Medical treatments

Cancer treatments such as chemotherapy and radiotherapy targeting the head or neck can affect the function of the salivary glands. This is usually only temporary, but higher doses may result in permanent damage.

Blocked salivary duct

Saliva flow may be physically blocked by small stones or mineral deposits that build up in the salivary ducts.

Nerve problems

Injuries, surgery or illnesses that affect nerves in the face, head or neck may affect the salivary glands, as the facial nerves are involved in their function.

How is a dry mouth treated?

There’s no single treatment for a dry mouth. While dry mouth products may provide temporary or long-term relief from your symptoms, your dentist or doctor will focus on treating the underlying cause when possible.

Depending on your situation, treatment recommendations for dry mouth may include:

Saliva substitutes

Artificial saliva substitutes can help to stimulate the salivary glands or replace natural saliva when used during or after eating, as directed by your dentist. They come in the form of topical gels, sprays and tablets.

Dry mouth products

Besides saliva substitutes, other dry mouth products that may be recommended include lubricating toothpastes and mouthwashes, and oral hygiene products containing calcium or fluoride to help prevent tooth decay and other risks.

Nasal decongestants

If dry mouth is related to a blocked or stuffy nose, sinus problem or similar issue, your doctor may prescribe a decongestant. These come in the form of drops, tablets and diffusers and can provide short-term relief from related symptoms, such as mouth dryness.

Medical treatments

If dry mouth is a symptom of an infection or other medical condition, treating the underlying problem should also relieve dryness. Your dentist will refer you to your GP or another qualified specialist if they think you need a diagnosis and treatment.

In some cases, such as dry mouth caused by Sjögren’s syndrome or radiotherapy, a saliva substitute may be provided.

Changing medication

If dry mouth may be a side effect of medication you’re taking, your doctor may recommend a change of medication or change of dose to help prevent it. This won’t always be possible, however, and it’s important not to make changes to your medication yourself without consulting your doctor first.


In severe cases, or cases of physical blockages, minor surgery may need to be performed directly on the salivary glands to remove obstructions and restore their normal function.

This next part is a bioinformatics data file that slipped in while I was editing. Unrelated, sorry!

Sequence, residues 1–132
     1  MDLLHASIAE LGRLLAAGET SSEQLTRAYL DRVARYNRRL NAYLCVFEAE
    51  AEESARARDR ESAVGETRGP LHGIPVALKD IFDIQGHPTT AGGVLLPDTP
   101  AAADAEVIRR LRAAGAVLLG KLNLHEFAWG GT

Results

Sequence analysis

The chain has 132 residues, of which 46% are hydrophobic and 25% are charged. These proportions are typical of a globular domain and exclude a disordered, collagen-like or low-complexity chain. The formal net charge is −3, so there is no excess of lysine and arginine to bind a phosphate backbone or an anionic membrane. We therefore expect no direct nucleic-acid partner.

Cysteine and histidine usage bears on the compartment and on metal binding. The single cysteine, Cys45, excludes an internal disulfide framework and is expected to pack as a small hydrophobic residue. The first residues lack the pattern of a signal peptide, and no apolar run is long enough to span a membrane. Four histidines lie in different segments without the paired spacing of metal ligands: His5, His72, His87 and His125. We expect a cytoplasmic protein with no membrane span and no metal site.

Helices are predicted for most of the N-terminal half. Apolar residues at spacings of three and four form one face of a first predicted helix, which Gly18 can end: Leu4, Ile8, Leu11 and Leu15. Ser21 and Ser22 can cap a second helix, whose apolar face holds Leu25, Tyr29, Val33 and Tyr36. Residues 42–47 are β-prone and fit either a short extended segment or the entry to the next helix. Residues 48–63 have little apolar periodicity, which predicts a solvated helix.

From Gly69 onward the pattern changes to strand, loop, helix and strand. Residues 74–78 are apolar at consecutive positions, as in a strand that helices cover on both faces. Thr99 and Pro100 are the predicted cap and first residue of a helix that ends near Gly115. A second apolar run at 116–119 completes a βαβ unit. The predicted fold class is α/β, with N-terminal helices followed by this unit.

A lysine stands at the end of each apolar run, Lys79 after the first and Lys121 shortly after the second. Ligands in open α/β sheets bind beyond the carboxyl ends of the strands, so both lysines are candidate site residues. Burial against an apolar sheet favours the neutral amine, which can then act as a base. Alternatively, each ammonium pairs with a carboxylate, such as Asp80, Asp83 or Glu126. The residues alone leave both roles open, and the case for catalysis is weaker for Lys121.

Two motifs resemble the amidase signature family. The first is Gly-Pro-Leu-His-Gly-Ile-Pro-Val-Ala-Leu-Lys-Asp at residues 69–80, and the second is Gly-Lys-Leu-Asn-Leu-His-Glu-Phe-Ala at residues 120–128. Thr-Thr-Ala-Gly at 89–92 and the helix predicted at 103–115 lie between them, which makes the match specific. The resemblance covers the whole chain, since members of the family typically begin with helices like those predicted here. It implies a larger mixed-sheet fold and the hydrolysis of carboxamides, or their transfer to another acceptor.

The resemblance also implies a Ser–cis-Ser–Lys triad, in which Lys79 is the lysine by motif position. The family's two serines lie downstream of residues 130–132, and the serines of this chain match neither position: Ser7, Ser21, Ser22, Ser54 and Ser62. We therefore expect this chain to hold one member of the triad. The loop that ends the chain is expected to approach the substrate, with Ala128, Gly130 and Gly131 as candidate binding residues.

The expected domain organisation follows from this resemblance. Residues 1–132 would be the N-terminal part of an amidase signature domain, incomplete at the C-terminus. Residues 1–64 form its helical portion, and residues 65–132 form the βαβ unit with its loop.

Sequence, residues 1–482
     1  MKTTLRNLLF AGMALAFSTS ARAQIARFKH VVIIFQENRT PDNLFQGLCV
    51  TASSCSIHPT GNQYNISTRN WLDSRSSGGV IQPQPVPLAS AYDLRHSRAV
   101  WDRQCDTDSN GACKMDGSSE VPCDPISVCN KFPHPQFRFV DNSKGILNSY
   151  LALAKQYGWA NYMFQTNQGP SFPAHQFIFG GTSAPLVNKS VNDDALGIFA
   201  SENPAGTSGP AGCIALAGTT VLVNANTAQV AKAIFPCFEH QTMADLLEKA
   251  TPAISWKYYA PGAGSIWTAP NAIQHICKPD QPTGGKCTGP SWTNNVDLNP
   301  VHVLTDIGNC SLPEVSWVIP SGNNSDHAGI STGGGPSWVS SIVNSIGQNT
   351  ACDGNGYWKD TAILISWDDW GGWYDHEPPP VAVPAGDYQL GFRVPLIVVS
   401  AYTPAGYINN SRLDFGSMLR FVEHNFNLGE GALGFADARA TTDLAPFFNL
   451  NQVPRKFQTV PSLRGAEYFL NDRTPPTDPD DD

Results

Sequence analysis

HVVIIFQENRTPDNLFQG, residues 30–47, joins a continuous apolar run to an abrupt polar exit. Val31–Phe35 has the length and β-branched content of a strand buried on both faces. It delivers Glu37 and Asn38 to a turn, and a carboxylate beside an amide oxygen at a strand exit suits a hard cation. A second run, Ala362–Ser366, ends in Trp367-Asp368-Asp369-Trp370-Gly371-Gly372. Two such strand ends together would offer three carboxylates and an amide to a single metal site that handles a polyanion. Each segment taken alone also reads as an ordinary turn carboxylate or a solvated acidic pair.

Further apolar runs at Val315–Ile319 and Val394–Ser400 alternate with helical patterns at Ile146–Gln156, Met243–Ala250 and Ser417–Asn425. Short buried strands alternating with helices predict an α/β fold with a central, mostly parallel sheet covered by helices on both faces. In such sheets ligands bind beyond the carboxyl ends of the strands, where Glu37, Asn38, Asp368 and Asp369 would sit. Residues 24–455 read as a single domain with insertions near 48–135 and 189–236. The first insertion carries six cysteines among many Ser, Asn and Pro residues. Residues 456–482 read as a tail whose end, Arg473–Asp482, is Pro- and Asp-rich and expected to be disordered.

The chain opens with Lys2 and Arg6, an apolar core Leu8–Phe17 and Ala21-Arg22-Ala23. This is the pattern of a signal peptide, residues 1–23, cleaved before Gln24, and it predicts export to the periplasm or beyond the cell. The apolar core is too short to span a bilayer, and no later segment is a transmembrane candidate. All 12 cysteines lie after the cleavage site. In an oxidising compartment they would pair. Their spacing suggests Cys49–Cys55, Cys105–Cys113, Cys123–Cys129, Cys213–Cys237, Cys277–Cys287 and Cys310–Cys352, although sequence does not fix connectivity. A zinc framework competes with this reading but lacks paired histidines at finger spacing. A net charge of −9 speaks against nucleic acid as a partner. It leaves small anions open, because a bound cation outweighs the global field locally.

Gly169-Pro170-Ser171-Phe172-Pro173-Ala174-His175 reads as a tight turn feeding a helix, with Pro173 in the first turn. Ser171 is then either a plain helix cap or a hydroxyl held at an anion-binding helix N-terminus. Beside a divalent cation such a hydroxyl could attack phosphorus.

How to prevent dry mouth

Dry mouth can often be prevented by taking good care of your oral hygiene and taking steps to lower other risk factors. Recommended preventive steps include:

  • Stay hydrated – carry a water bottle and have regular drinks of water or other unsweetened cold drinks throughout the day, preferably containing fluoride that helps to combat tooth decay
  • Chew sugar-free gum or sugar-free lollies, or suck on ice cubes to help stimulate saliva
  • Eat chewy foods and foods with a high water content, making sure to chew thoroughly before swallowing
  • Brush your teeth twice a day using fluoride toothpaste and floss once a day to help reduce plaque
  • See a dentist once or twice a year for a regular check-up, dental cleaning and oral hygiene treatments
  • Use an air humidifier if the air in your bedroom or other rooms is too dry
  • If you wear dentures, take them out before you go to sleep
  • A lip balm could help with dry lips

Some things to avoid include:

  • Drinking too much caffeine or alcohol, which can dry out your mouth
  • Sipping drinks slowly, as this can rinse away saliva
  • Spicy or salty foods that can cause dryness
  • Sugary and acidic food and drinks that contribute to tooth decay and gum disease
  • Crunchy foods that may cause irritation or injury to a dry mouth
  • Smoking and other tobacco products
  • Alcohol-based mouth rinses
  • Situations that may cause anxiety-related dry mouth
  • Stopping or changing medication without talking to your doctor first

Dry mouth treatments Gold Coast

If you want relief from a dry mouth and to lower your oral health risks, make an appointment with our Gold Coast dentists at Robina Town Dental. Call us on 07 5575 9100 to talk to our friendly staff or send us a message and we'll get back to you with details as soon as we can.

We are conveniently located in Robina Town Centre. We welcome patients from all nearby locations including Burleigh Heads, Mudgeeraba, Miami, Varsity Lakes, Burleigh Waters, Merrimac, Mermaid Waters, Worongary and Clear Island Waters.

Call Now: 07 5575 9100